You can learn a lot about someone’s values by looking at how they spend their money. That’s as true for governments and societies as it is for you and me.
Don’t take my word for it. Ask Jesus:
Lay not up for yourselves treasures upon earth, where moth and rust doth corrupt, and where thieves break through and steal: But lay up for yourselves treasures in heaven, where neither moth nor rust doth corrupt, and where thieves do not break through nor steal: For where your treasure is, there will your heart be also. — Matthew 6:19-21 (KJV)
By that measure, and based on the federal budget he’s proposed (you can read it here), Donald Trump’s heart is in a dark, cruel, fear-haunted place. You can feel it in his message introducing the budget:
The American people elected me to fight for their priorities in Washington and deliver my promise to protect our Nation. I fully intend to keep that promise.
One of the most important ways the Federal Government sets priorities is through the Budget of the United States.
Accordingly, I submit to the Congress this blueprint to reprioritize Federal spending so that it advances the safety and security of the American people.
Our aim is to meet the simple, but crucial demand of our citizens — a Government that puts the needs of its own people first. When we do that, we will set free the dreams of every American, and we will begin a new chapter of American greatness.
A budget that puts America First must make the safety of our people its number one priority — because without safety, there can be no prosperity.
I’ve already written about the dubious utility of tacking an additional $50+ billion on top of the $600+ billion we already spend on defense, more than the next dozen countries combined. But when that figure was first floated, the biggest increase in defense spending since the Reagan era, we didn’t know what would be cut to pay for it.
Now we do, and it’s ugly in its cynical brutality. Here are the proposed spending cuts, by agency:
- Environmental Protection Agency -31%
- State Department and other foreign aid programs -29%
- Agriculture -21%
- Department of Labor -21%
- Department of Justice -20%
- Health and Human Services -16%
- Department of Commerce -16%
- Department of Education -14%
- Department of Transportation -13%
- Housing and Urban Development -12%
- Department of the Interior -12%
- Department of Energy -6%
- Department of the Treasury -4%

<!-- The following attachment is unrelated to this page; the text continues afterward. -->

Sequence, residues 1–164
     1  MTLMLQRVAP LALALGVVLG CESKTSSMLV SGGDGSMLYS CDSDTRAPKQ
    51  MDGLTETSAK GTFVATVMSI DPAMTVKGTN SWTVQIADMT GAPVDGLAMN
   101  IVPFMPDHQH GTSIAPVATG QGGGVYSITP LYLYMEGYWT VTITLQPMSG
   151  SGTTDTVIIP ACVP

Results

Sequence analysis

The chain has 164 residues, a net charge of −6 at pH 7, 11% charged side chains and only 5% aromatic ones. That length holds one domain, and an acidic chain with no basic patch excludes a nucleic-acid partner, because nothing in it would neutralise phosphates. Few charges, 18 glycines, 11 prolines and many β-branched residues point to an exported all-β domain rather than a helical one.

- NASA -1%
The following 19 agencies would be completely eliminated:
- African Development Foundation
- Appalachian Regional Commission
- Chemical Safety Board
- Corporation for National and Community Service
- Corporation for Public Broadcasting
- Delta Regional Authority
- Denali Commission
- Institute of Museum and Library Services
- Inter-American Foundation
- U.S. Trade and Development Agency
- Legal Services Corporation
- National Endowment for the Arts
- National Endowment for the Humanities
- Neighborhood Reinvestment Corporation
- Northern Border Regional Commission
- Overseas Private Investment Corporation
- U.S. Institute of Peace
- U.S. Interagency Council on Homelessness
- Woodrow Wilson International Center for Scholars
The hammer falls heavily on the poor, eliminating the Low-Income Home Energy Assistance Program which helps poor people heat their homes in winter, and abolishing the Community Development Block Grant program which funds projects related to affordable housing, rental assistance, community development, homelessness, Meals on Wheels, and more. It cuts funds for programs providing baby formula, healthy foods, nutrition counseling and more for poor mothers with young children.
It eliminates a program to support and promote economic development in the Appalachian region, which has been crippled by decades of job losses and is being ravaged by the opioid epidemic.
It scales back job training programs for seniors, disadvantaged young people, and the unemployed. It eliminates the Federal Supplemental Educational Opportunity Grant, which is reserved for college students with the greatest demonstrated financial need and drastically reduces federal work-study funds for college students. It diverts $1.4 billion to school choice programs while eliminating funding for before- and after-school and summer programs.
It burdens the sick, cutting nearly $5.8 billion, or nearly 20%, from the National Institutes of Health, and guts scientific inquiry at EPA, NASA, the Department of Energy, and the National Oceanic and Atmospheric Administration. It eliminates funds for cleanup and restoration efforts in the Chesapeake Bay and the Great Lakes, and for climate change research and programs.
It eliminates federal funding for music, literature, the arts and humanities, libraries and museums, educational and cultural exchange programs, and efforts to promote international peace and combat global hunger.
So where does the budget increase? At Homeland Security, to begin work on building a wall along the Mexican border, to hire and train Border Patrol agents, build detention centers, and fund the deportation of illegal immigrants. At Energy, to manage the country’s nuclear weapons arsenal. And at Defense, though exactly how the windfall would be distributed between putting more boots on the ground against ISIS and big-ticket military hardware like fighter jets and warships, is left undisclosed.
This is what a budget built on fear and cruelty looks like. Where your treasure is, there will your heart be also.
(You can read detailed coverage and analysis of the budget, here, here, here, and here.)